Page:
23 February 2011

China: The World's "Rich Pauper"

Let’s face it – most Chinese growth is the result of overheated investment, and removing the sources of overheating without eliminating growth is going to prove impossible. I have been making the same argument for at least two or three years, and so far we have seen how Beijing veers between stomping on the gas when the economy slows precipitously and stomping on the brakes when it then grows too quickly. I don’t believe anything has changed. _Mish
While broadly seen as the heir apparent to the US' global hegemony, China has some deep problems which are rarely considered by more mainstream journalists and analysts.
Only a decade ago, China's GDP of US$1.1 trillion was only one quarter of Japan's US$4.2 trillion. And, as late as 2005, China's GDP, at US$2.2 trillion, was half Japan's US$4.5 trillion. Some analysts predict that if China's economy continues to surge at its current pace, it could surpass the United States as the world 's top economy in 2020.

Such sanguine prospects, however, do not obscure the fact that China is still a developing country, with a per capita GDP of US$4,500, which about one tenth of Japan's and one quarter of Taiwan's. China's new ranking as No. 2 contrasts starkly with the per capita ranking of No. 95 among the 182 countries ranked by the International Monetary Fund.

The plain fact is that the Chinese people are still poor, with 100 million people living below the U.N. poverty line of US$1 a day. The number of poor is nearly equal to the entire population of Japan. That's probably why we have not seen an official expression of elation over the historic event. _ChinaPost
In fact, the number of poor in China is far larger than the population of Japan. Clearly, even the "realists" are unable to face the stark reality of China today.

Here is more from Mish's Global Economic Analysis:
China has spent $750 billion on rail lines, much of it wasted.

The culprit is not design, but rather shoddy construction accompanied by fraud, greed, and unrealistic growth targets. If that sounds familiar, it's because it was one of the factors in the US housing bust, and indeed every huge bust in general.

...China's problems go far beyond high-speed rail, to construction and malinvestment in general.

I have talked about China's Vacant cities before but here is a quick recap from Chinese Bank Lending Spree Continues; $75 Billion New Loans First Week in January Alone; Inflation Gone Amuck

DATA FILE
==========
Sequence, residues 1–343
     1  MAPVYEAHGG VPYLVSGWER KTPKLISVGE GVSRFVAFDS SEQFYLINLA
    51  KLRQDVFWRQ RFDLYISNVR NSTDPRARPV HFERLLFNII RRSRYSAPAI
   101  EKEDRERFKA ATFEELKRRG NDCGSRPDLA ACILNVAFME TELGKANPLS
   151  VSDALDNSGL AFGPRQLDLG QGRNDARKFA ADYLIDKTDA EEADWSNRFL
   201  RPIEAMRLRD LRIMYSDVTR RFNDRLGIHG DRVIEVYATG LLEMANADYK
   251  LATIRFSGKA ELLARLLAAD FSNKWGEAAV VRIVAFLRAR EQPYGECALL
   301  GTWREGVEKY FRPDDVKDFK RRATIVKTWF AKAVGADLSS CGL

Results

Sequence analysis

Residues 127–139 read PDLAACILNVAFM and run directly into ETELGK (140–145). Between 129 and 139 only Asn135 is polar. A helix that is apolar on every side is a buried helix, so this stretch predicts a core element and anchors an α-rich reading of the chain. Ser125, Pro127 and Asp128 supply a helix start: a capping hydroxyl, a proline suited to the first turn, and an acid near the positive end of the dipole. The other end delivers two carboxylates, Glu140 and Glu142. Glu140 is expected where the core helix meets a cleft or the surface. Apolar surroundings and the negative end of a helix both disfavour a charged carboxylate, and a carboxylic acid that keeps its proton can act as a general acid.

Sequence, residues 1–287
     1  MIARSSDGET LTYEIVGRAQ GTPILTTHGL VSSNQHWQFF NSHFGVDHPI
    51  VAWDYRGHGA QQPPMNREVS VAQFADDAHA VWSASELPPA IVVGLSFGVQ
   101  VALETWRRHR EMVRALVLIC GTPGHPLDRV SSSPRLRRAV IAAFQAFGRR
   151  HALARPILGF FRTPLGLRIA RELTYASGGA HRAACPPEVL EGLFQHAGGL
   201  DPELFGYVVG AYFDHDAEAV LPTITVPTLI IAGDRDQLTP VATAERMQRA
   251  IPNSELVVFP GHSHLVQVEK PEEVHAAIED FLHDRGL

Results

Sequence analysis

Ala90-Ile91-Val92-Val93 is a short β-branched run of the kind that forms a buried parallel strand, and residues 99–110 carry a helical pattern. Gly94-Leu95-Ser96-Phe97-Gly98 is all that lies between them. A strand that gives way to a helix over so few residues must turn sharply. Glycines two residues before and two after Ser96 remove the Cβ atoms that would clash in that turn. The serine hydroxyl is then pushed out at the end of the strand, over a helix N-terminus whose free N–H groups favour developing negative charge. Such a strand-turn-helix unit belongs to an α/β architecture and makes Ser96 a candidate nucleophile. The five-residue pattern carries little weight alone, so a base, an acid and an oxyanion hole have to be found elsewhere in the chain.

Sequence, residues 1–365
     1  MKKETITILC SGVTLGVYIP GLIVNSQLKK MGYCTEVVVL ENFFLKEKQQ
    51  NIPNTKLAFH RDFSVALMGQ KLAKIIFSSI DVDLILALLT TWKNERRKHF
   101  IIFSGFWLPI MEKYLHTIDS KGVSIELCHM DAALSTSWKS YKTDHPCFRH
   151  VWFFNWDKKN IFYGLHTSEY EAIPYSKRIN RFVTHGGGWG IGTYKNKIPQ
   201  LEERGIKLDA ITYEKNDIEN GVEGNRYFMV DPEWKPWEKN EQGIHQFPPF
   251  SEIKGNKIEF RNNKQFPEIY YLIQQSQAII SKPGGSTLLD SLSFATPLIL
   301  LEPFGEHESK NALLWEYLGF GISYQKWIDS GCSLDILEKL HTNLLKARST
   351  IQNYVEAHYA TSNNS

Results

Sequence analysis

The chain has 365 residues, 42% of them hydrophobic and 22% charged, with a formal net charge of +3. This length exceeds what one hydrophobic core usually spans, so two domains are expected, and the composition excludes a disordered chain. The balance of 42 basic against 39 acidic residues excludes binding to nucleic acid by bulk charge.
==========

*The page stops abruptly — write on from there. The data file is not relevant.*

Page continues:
...Not only do I believe that the combination of very low cost of capital, socialized credit risks, and strong short-term political incentives to fund massive projects always leads to capital misallocation, but I also believe that the explosion in NPLs [Non-Performing Loans] a decade ago, and the fact that total SOE [State Owned Enterprise] profits are just a fraction of the interest rate subsidy they receive, is strong evidence that misallocated capital has long been a serious problem in China.

... _Mish

China's increasing reliance on overbuilding and speculation is causing several old China hands to look for ways to short the communist government's economy.

China's government is getting worried over the spreading contagion of unrest across MENA (middle east and north africa).
China’s rulers are caught between fear of a Soviet Union-style collapse if they begin political reform, and an Egypt-style overthrow if they do not, the political analyst said.

“Some say, if you don’t engage in political reform, there will be disaster ahead,” he said. “Others say, if you do, there will be disaster ahead.”

The government has not responded to the Arab uprisings with a political reform program. But an emergency meeting of the Communist Party leadership last Saturday — played up the next day on the front page of People’s Daily, the party’s mouthpiece — suggested it was badly spooked. _NYT

Even in Africa -- a continent thought to be in Beijing's pocket -- there is a spreading restlessness regarding China's willingness to bribe African leaders in order to carry out projects that are not in the best interests of the African people. Other nations -- particularly Brazil -- are moving into African economic territory.

Since the collapse of its export market in 2008-2009, China has implemented a policy of fevered construction to boost its economy. Unfortunately, a large proportion of this construction is of a shoddy nature, which will lead to a premature collapse of a wide variety of structures -- including China's vaunted high speed rail and wind power infrastructure.

If you are invested in China, you may need to take a closer look at the underlying realities on the ground there. China's continued use of US treasury instruments as repositories of wealth should tell you what shaky ground China's economy rests upon.


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“During times of universal deceit, telling the truth becomes a revolutionary act” _George Orwell

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